“With our trips, you’ll discover more than appreciation for the land. You can share in our kinship with the stunning natural arctic environment, and millennia-old Inuit traditions and knowledge. Take a summer sea trip and visit Thule and Tuniit camps along the south Baffin coast. We’ll share the community’s natural traditional knowledge. You’ll marvel at our ancestors' ingenuity and survival skills in this unforgiving arctic environment.”

How You Can Provide Transformational Travel Experiences

Ensure Authenticity – By providing an experience that is a true representation of the region and culture, tourists will be more likely to have an engaging and meaningful experience. If a tourism product (such as a cultural tour or workshop) is staged, tourists will be able to perceive this, and the experience will lose its value. However, each community or nation must decide what is appropriate to share with visitors in order to ensure that the culture is not exploited, and sacred knowledge is respected. Only content deemed appropriate and respectful by the community should be incorporated into Indigenous tourism products.

Listen to Your Clients – Everyone has different motivations for travelling and it is important to tap into what visitors are looking for in a travel experience. Some visitors may want a 6-hour journey out on the land in an effort to connect with nature or some may prefer preparing dinner with locals for a community feast. Ask questions and pay attention to what your clients’ desires are. This can be done by simply having a conversation with your clients, asking customers to fill out a satisfaction survey or by requesting and online review of their experience.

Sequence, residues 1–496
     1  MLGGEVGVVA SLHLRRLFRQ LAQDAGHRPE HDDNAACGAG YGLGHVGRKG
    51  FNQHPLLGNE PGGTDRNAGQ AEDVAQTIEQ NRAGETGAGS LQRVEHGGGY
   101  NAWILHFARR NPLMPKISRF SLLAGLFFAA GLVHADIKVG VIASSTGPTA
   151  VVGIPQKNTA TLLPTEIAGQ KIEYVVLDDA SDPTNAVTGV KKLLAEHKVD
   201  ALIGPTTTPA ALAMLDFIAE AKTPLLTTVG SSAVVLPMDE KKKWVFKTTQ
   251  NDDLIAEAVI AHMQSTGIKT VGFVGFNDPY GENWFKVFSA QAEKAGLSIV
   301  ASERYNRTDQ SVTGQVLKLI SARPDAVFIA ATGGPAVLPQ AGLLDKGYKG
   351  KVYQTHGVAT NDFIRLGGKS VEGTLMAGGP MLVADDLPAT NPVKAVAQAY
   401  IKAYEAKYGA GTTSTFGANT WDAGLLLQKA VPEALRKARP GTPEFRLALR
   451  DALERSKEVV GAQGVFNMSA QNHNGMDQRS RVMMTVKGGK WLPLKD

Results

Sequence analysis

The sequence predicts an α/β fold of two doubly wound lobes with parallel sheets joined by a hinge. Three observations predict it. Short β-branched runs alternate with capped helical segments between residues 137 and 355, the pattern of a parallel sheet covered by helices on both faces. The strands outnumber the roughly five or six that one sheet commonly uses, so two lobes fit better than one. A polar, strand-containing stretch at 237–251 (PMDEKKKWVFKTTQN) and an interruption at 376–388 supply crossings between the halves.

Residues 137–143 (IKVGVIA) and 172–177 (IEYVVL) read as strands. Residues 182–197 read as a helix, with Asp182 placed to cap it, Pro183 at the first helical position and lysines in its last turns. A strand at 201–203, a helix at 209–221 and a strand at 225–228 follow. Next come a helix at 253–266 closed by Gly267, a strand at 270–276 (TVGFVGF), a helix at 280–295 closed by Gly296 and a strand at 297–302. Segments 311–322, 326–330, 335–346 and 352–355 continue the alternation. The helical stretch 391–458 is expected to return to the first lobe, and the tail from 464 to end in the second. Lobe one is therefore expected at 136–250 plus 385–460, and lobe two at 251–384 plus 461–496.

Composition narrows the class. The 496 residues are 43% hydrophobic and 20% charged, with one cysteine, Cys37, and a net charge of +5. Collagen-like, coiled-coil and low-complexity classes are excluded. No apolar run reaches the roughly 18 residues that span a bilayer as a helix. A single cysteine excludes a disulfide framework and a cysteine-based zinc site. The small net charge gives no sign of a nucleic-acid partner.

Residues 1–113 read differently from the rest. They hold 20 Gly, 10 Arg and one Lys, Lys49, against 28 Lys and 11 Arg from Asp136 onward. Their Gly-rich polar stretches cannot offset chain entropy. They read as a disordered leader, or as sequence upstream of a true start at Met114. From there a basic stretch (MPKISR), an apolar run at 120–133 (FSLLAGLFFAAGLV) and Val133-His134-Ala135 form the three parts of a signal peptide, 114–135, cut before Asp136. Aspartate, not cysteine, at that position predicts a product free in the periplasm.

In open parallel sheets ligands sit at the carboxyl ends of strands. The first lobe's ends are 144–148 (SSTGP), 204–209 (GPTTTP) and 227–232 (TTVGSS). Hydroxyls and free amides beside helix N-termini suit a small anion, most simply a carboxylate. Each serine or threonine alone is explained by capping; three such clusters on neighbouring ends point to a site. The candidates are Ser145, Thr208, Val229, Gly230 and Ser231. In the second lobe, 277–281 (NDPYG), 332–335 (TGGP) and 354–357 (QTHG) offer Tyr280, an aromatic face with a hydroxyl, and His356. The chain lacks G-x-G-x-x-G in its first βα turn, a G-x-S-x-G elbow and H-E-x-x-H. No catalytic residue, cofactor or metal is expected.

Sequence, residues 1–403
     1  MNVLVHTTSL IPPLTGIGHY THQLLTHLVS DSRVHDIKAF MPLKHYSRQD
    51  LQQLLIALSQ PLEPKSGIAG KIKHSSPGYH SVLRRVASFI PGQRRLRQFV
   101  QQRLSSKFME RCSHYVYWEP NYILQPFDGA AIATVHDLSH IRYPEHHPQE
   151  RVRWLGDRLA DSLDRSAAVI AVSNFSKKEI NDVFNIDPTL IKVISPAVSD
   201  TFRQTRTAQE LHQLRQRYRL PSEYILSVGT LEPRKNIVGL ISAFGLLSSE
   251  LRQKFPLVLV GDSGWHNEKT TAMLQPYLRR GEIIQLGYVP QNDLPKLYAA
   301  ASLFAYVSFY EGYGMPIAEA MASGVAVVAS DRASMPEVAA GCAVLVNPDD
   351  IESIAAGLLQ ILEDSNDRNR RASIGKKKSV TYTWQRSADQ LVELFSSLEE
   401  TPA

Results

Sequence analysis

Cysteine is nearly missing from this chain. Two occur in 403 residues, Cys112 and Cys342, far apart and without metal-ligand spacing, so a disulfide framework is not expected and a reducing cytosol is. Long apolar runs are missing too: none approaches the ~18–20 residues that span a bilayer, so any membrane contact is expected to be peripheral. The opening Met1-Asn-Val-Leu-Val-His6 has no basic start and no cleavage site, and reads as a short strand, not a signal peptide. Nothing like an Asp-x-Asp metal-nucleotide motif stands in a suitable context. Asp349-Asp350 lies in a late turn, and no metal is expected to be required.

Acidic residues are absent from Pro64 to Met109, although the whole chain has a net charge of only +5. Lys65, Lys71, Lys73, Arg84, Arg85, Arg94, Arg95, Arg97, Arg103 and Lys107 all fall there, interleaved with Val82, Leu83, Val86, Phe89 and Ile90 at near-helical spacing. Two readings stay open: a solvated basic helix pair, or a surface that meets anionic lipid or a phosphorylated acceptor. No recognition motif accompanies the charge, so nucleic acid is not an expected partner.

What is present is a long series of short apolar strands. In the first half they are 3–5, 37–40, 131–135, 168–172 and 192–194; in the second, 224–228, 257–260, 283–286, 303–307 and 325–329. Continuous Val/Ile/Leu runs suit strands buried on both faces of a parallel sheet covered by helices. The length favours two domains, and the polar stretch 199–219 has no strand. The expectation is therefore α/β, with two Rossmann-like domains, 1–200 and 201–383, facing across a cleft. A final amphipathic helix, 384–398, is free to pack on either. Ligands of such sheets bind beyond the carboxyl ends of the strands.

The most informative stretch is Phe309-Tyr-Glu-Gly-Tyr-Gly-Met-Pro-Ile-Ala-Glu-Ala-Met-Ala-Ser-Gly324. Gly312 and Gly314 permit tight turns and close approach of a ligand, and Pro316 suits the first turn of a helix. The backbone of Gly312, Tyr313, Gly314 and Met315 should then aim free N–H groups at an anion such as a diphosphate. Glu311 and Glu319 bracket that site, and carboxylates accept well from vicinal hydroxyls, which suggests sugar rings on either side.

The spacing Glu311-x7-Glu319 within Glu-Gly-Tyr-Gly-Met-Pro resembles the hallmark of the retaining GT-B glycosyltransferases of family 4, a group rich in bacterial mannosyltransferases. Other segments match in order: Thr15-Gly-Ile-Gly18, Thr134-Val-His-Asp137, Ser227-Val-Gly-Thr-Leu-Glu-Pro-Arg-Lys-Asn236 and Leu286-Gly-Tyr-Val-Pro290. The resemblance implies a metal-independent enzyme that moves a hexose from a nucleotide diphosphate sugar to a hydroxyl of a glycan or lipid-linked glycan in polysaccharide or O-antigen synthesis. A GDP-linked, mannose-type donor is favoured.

Make Time for Reflection – Ensure that your visitors have a chance to contemplate their experience and the teachings. When creating itineraries, try to incorporate time for personal reflection, exploration and asking questions about the information that is being shared. Reflection can also mean challenging tourists to connect what they are learning to their everyday lives. You can do this by asking questions that provoke thought such as, How can we use this ancient knowledge to create a better world today, for ourselves, our communities and our environment?

Provide Something Unique – People often travel to escape the norm of their everyday lives and experience something new. When creating tourism products, try to offer experiences that are significantly different from your client’s day-to-day life and are unique to your culture. For example, most tourists buy their food at the grocery store and prepare it at home. You could take a visitor out on the land and show them the traditional methods of catching a fish, followed by traditional preparation and cooking. This way, the tourist gets the full experience of that meal and they are gaining valuable knowledge about Indigenous culture.

For more information about how you can incorporate transformational travel into your tourism products and services, contact CES for a free consultation at or 1-877-444-5550.


The Transformational Travel Council:
Transformational Travel Article:
A Guide to Transformational Travel:
ITAC National Guidelines – Indigenous Cultural Experiences: